Embry-Riddle Researchers Study Lightning Effects on Mars

Dr. Jeremy Riousset worked with middle schoolers at a summer camp that introduced them to programming and space science
Dr. Jeremy Riousset worked with middle schoolers at a summer camp that introduced them to programming and space science. (Photo: Embry-Riddle/David Massey)

Backed by an NSF CAREER grant of $676,000, Dr. Jeremy Riousset, assistant professor in Embry-Riddle Aeronautical University’s Physical Sciences Department, studies atmospheric electricity on Mars, which has implications for the safety of missions to the planet and even on the search for extraterrestrial life.

As Riousset explained, atmospheric electricity, whose most well-known manifestation is lightning, occurs on other planets besides Earth and is thought to occur on Mars. It can be triggered by man-made objects, in the same way that electrical activity can occur at the tip of a ship’s mast.

“That means that even on a planet like Mars, rovers, landers and future habitats could bring elements that cause sparks that would not have happened naturally. The consequences could be catastrophic if the damage were to impact a water system, an oxygen maker or a communications device,” he said.

Riousset also pointed out that the famous Miller-Urey experiment linked the production of amino acids, which are the fundamental component of DNA, to electric discharges.

“Mars is one of our preferred targets in our search for extraterrestrial life,” Riousset said. “Therefore, it is important to answer the question: Is lightning possible in the Martian atmosphere?”

Riousset first came to Embry-Riddle in January 2016 but left for another opportunity in 2017. He returned in August 2022 with his wife, Dr. Saida Caballero Nieves, who is also an assistant professor in Embry-Riddle’s Physical Sciences Department.

Dr. Jeremy Riousset
Dr. Jeremy Riousset is conducting research funded by an NSF CAREER grant on atmospheric electricity on Mars and the Earth. (Photo: Embry-Riddle/David Massey)

“Embry-Riddle has a good understanding of the requirements of running a successful science program. It is able to adjust the course load to allow more time for research,” Riousset said. “There is an understanding that teaching, research and services [such as serving on or chairing departments or campus committees, or being a faculty advisor for student organizations] all take time when done correctly. We both appreciate being evaluated on our entire effort.”

Riousset’s five-year CAREER grant, which began in summer 2021, will allow him and his research team to study the physics and observations of electrical discharges in diverse atmospheric conditions, especially those similar to the conditions on Earth and Mars. Such research will aid in the design of instruments to detect extraterrestrial atmospheric electricity and in the assessment of the risk of surface objects causing discharges during Martian exploration. Riousset's research is done in the Space and Atmospheric Instrumentation Lab (SAIL), which is part of the Center of Space and Atmospheric Research.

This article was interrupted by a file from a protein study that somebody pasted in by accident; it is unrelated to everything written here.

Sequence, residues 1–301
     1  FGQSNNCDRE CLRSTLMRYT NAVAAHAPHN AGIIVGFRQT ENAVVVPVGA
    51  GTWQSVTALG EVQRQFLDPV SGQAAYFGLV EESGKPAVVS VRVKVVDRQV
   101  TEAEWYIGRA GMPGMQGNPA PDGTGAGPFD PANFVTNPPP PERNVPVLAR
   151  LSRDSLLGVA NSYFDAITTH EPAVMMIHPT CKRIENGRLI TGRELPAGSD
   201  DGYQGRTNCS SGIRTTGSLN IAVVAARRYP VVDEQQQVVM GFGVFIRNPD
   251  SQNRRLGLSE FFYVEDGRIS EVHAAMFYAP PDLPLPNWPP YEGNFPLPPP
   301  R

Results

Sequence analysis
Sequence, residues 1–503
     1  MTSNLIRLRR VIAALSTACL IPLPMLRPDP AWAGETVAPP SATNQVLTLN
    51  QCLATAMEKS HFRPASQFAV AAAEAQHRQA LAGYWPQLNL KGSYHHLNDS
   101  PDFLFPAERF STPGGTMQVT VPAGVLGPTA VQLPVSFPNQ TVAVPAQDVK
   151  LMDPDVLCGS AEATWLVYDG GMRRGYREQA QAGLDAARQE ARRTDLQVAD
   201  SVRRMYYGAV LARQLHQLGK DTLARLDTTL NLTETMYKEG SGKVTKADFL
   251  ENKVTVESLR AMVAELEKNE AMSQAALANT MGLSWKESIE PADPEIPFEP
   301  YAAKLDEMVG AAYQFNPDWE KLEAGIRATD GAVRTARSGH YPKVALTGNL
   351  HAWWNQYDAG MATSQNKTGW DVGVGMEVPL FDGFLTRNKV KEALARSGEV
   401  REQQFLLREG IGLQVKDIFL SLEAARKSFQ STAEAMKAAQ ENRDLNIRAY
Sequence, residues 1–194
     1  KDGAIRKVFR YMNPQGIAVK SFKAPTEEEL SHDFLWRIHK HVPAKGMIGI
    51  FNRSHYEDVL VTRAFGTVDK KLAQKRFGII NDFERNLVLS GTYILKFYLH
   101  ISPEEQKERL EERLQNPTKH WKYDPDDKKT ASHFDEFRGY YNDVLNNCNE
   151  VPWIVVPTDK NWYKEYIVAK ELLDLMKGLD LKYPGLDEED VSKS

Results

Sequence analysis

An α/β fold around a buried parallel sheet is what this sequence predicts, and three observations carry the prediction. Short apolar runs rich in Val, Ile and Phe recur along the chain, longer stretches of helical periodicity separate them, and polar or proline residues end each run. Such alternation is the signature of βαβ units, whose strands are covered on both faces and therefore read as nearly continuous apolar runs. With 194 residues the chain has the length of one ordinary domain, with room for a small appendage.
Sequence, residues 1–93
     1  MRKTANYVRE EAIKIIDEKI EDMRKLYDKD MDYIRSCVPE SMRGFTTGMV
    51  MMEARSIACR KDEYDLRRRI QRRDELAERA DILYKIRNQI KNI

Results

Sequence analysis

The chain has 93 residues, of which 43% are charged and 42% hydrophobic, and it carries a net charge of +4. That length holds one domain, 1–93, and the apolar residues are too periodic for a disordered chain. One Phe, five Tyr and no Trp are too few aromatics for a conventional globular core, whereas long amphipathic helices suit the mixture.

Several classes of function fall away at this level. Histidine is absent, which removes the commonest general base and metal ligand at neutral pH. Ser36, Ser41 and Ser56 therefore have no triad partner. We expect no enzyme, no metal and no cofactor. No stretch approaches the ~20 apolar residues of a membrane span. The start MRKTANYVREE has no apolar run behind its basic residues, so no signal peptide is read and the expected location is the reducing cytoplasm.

Involved in the work is student researcher Annelisa Esparza, a Ph.D. student in Engineering Physics. Esparza, who started working with Riousset at the Florida Institute of Technology in 2020, said his “work ethic and general approach to research were a great match for the dynamic I was looking for in an advisor.” She said that the research they are doing, “gaining a better understanding of phenomena capable of frying electronics or taking out power grids,” is crucial to “the progress of modern civilization and off-Earth exploration.”

Esparza also said she really appreciates Riousset’s emphasis on making sure that his student researchers attend conferences, “which provides us with opportunities to learn more about the fields we’re exploring, gain exposure for our research and network amongst other scientists in industry and academia.” Esparza earned second prize in the international Student Paper Competition at the URSI General Assembly and Scientific Symposium in Sapporo, Japan, for her paper, titled "Fractal Modeling of Shallow Lightning on Jupiter." Her work focuses on the simulation of lightning and other electrical discharges in extraterrestrial atmospheres.

Engineering Physics Ph.D. student Jared Nelson, who is also a member of Riousset’s research team, said the research has allowed him to apply skills and techniques that are generally learned in a professional workplace. Nelson was awarded the second prize in the Student Poster Competition at the CEDAR (Coupling, Energetics and Dynamics of Atmospheric Regions) workshop, for his work, titled "Electric discharges in air and CO2 in non-planar geometries."

“I have developed hard skills such as soldering, circuit development, machining and CAD design,” Nelson said, in addition to coding, data analysis and circuit design.

Part of Riousset’s grant project involves disseminating the work to the public. In addition to organizing public events for community outreach, Riousset held a free interactive summer camp in July for middle schoolers, called SPARCLE-R (Space and Planetary Adventures in Research through Coding with LEGO at Embry-Riddle) that introduced the young students to programming and space science with LEGO SPIKE and Mindstorms.

Posted In: Applied Science | Research | Space